Baby steps

I’ve been thinking about attitude and how much it matters around this approach to privileges and responsibilities. I’m making a conscious shift away from scanning for the negative to catch them in the act and teach them a lesson, and instead striving to wake up every day rooting for them to succeed. For me, it’s a lot about language — The way I answer their questions, the way I talk to myself in my head, and the things I choose to notice and say to them.

This morning Charlotte said, “Mom my friends don’t like me as much anymore because of your dumb rules! … They get to do computer at their house and watch TV!” “Charlotte,” I said, “you’re going to get to do those things again too. I’m going to say yes as soon as possible!”

Then Ellen, “Mom, if we aren’t done with this by the time we go on vacation, can we still watch TV in the van on the way there?” “Ellen, I’m confident that I’ll be able to say yes by then. I just know you guys can do it!” “But, mom, do we have to keep doing it? Like, if someone does something wrong after this, then we have to start all over again?” she asked. “Well, yes, but we can talk about how that will work and it can change and evolve. I want your input, like if you think something’s not fair…” Fenner chimed in, “Well it’s not fair that we have to do the no friends thing for three weeks and Charlotte only has to do two!” “Yes, well, the teacher said to do that based on your ages.” “Why?!” “Because as you get bigger, your responsibilities get bigger, so you have to show us for longer.” They stared at me, unsatisfied. I added, “Do you want me to start treating you like six-year-olds in other ways too?” “Nooo,” they grumbled.

Later in the car I heard Charlotte say, “Oh, no! Now we have to go back to zero! You just hit me in the head!” Ellen answered, “No, mom didn’t see it!” There was silence and then, “Mom, did you see that?” “See what?” I said. “Ok, good,” Ellen said softly, and then louder to me, “Never mind!” I really didn’t see it and I need to show that I’m not out to get them by resisting the urge to scout for the negative. I only scout for the positive. The negative registers only if it’s undeniably right in front of me.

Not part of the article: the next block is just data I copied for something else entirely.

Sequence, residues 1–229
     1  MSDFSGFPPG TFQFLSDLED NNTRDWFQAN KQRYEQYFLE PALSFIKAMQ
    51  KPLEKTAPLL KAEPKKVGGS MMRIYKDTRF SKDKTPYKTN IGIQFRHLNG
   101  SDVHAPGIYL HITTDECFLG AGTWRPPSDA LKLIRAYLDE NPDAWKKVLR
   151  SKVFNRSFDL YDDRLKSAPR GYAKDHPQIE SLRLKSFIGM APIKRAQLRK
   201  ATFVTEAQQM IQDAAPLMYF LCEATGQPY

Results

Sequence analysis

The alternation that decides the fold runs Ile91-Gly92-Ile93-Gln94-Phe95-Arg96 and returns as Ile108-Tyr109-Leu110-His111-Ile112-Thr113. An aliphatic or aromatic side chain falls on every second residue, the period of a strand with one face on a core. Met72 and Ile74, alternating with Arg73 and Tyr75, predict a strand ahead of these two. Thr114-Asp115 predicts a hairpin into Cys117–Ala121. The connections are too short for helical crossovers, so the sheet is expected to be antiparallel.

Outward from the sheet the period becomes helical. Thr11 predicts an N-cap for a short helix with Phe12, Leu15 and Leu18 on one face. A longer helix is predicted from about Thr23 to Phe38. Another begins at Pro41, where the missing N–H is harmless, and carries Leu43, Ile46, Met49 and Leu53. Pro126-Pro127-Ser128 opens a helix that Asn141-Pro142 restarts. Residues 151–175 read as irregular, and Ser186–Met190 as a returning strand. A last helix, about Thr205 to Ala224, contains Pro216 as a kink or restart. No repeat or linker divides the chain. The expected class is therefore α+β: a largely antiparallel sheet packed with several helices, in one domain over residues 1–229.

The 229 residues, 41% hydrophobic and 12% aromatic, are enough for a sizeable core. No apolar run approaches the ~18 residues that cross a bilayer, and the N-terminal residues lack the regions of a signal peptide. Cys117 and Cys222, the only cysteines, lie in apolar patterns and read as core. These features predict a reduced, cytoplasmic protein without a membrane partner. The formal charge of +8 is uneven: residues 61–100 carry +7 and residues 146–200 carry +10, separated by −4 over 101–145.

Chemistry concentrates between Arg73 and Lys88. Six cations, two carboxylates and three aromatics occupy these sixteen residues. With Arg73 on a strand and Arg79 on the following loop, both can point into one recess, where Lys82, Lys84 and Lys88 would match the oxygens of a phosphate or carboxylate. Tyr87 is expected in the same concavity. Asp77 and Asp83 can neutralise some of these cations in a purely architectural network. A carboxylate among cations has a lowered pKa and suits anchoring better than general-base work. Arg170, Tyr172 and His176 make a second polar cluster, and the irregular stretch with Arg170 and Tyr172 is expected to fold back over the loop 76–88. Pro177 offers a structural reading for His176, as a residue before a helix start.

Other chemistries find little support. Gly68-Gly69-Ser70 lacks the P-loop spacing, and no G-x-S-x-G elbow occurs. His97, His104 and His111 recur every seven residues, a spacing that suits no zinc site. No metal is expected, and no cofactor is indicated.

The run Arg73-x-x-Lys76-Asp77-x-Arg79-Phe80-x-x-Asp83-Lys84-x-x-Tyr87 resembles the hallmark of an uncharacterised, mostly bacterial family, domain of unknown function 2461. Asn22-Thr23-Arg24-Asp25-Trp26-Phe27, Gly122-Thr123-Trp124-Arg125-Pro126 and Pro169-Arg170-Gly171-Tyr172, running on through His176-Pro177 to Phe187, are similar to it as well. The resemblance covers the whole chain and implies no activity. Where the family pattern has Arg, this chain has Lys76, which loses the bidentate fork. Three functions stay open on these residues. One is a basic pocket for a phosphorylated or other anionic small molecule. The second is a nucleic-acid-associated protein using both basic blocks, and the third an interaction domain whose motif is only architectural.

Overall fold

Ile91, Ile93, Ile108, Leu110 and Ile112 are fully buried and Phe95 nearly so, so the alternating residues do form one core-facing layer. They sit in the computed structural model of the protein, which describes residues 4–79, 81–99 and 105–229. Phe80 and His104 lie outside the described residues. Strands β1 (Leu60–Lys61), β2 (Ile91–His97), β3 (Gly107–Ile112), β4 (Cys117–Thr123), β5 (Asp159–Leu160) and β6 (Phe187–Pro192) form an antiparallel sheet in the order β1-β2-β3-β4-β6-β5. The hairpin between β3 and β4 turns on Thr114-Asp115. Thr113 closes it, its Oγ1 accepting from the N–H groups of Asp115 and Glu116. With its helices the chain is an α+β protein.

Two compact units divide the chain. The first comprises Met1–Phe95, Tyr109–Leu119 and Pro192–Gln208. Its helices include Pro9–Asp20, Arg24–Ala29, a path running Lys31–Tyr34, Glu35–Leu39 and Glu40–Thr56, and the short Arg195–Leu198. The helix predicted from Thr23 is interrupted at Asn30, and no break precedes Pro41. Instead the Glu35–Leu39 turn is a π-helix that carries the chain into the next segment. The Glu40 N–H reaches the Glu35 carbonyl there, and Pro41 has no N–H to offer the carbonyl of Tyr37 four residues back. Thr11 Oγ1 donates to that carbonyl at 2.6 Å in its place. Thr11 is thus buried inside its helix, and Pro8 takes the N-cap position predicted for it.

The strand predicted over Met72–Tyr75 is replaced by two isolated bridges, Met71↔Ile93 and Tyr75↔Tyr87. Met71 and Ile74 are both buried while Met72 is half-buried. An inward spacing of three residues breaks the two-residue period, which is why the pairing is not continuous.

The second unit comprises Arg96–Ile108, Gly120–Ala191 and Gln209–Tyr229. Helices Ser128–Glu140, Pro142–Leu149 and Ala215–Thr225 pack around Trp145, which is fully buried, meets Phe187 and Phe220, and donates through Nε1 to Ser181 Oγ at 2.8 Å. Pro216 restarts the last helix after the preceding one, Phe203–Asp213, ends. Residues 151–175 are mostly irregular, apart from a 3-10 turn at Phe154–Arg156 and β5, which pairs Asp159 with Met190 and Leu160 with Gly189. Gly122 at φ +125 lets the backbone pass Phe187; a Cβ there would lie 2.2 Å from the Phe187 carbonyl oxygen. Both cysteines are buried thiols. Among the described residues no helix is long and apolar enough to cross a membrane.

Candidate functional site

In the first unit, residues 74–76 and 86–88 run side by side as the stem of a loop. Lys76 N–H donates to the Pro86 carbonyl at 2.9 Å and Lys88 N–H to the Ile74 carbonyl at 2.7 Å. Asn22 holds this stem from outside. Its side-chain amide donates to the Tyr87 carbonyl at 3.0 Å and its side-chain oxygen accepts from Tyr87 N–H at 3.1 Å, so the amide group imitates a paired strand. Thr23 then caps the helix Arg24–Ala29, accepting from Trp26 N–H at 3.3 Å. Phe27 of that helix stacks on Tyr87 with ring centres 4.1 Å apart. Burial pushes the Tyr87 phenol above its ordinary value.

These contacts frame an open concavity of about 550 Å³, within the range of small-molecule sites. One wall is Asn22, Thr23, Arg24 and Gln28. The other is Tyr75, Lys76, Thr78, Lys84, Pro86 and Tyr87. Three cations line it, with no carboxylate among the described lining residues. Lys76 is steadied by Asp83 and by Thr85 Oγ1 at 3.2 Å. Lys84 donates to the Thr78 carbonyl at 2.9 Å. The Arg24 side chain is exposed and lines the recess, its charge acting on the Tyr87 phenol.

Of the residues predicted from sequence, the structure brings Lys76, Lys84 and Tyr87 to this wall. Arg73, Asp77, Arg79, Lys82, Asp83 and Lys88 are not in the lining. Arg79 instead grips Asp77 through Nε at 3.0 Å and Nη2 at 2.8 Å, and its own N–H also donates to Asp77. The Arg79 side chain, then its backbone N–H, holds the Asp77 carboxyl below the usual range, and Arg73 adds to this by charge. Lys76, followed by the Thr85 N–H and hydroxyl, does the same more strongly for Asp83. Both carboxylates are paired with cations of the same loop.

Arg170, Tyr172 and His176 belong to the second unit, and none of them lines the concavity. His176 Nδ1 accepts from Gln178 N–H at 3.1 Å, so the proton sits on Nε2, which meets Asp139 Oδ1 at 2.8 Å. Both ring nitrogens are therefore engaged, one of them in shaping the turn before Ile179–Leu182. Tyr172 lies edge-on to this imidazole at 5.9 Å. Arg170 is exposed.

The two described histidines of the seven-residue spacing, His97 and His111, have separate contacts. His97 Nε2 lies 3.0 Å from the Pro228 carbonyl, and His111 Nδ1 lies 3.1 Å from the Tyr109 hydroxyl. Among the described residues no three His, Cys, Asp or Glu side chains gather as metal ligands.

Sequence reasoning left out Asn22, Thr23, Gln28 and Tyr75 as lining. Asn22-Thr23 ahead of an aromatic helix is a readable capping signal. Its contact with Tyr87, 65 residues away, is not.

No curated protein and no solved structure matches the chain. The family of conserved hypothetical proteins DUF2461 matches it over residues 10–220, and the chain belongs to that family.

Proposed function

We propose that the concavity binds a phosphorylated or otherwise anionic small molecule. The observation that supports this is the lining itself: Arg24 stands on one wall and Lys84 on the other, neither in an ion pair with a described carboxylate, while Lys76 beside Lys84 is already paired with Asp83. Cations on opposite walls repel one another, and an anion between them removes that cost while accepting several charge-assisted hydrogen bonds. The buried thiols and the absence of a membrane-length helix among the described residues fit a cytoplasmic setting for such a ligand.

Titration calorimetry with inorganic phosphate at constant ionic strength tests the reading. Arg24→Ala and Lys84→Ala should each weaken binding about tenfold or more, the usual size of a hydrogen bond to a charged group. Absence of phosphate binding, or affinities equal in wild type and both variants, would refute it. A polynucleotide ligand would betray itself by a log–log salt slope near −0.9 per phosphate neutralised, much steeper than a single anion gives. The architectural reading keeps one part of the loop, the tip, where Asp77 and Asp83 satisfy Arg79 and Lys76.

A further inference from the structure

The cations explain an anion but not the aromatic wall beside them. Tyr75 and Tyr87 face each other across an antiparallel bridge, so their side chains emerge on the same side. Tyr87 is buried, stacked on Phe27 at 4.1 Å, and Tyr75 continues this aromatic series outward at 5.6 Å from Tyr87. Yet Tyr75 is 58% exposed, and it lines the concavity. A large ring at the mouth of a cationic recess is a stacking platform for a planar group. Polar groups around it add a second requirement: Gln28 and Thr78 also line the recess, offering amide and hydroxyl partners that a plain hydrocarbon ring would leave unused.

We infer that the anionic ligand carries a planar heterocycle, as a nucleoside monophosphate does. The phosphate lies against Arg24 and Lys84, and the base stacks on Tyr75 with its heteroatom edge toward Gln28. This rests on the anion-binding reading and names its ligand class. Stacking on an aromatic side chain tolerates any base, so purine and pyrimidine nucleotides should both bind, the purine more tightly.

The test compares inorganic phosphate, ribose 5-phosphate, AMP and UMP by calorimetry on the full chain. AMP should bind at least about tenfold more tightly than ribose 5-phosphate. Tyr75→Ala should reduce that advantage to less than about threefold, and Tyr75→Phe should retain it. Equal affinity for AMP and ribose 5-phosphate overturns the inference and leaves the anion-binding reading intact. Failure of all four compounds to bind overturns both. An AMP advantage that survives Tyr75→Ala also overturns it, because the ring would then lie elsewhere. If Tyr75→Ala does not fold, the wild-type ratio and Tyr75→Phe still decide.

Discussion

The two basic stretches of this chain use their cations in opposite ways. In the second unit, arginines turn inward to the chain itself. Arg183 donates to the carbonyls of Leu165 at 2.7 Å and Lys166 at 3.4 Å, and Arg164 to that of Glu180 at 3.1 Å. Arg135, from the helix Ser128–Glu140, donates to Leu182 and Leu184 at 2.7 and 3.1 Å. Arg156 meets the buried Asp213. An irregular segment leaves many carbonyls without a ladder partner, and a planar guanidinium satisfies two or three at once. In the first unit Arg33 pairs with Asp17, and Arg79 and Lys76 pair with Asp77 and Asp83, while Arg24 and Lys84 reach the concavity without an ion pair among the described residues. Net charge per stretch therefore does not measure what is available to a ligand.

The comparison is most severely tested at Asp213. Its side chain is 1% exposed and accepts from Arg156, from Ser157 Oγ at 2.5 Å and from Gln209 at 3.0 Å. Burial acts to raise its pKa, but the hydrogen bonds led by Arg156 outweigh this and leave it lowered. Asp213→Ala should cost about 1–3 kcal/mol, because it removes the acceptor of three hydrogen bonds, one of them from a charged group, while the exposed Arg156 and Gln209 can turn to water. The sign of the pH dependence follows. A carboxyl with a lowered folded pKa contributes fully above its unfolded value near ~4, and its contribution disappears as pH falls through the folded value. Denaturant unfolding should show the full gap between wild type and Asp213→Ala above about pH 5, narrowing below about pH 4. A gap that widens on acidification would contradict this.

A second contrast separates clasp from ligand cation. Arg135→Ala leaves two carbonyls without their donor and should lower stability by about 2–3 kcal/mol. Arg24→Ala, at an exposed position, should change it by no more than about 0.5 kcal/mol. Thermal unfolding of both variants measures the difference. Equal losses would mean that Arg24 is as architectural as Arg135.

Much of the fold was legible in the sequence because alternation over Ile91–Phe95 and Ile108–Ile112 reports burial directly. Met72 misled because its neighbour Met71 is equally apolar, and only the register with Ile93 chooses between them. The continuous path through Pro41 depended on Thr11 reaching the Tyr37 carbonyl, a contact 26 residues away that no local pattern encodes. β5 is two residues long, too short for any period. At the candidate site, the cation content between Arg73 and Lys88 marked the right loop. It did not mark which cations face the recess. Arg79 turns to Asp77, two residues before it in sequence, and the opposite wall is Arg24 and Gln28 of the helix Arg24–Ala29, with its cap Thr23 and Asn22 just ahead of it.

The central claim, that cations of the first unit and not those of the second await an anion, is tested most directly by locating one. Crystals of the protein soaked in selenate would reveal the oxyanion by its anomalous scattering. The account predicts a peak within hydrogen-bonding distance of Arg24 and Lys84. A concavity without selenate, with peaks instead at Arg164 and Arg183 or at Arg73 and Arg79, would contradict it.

Like when we were playing badminton in the back yard today. Charlotte was taking a long time to serve. Jerry said, “Charlotte, whatayadoin’?” “Being stupid!” said Fenner. I was standing right there and she turned to me and said, “Do I go back to zero?” “Yes,” I said gently. “Zero? Fenner, were you rude?” asked Ellen. “Yes, I was rude,” answered Fenner with a smile.

At bedtime Fenner wasn’t smiling any more, however, and Jerry and I each got an earful of, “Why did you have to take this parenting class? … That whole chart isn’t fair … Why did you have to have Charlotte?” We listened and empathized as best we could. This thing is still rocking her world…for the better. She just doesn’t know it yet.

Meanwhile, I noticed a new appreciation written in Fenner’s section of the board: “I appreciate Charlotte because she motivates me not to hit or kick when I get angry.” Not bad. We’ll take it.

Explore posts in the same categories: Week 9: Family Meetings

2 Comments on “Baby steps”

  1. Vicki Says:

    These last 3 posts are amazing. I just want you to know, you have a “tribe” of parents, mostly mom’s who are following your story, supporting all of you and sending each of you our love.

    Thank You for sharing your journey.

    • flockmother Says:

      Thank you so much for your little notes of encouragement — they help keep me going. (Whadayaknow, encouragement works for grown ups too!)

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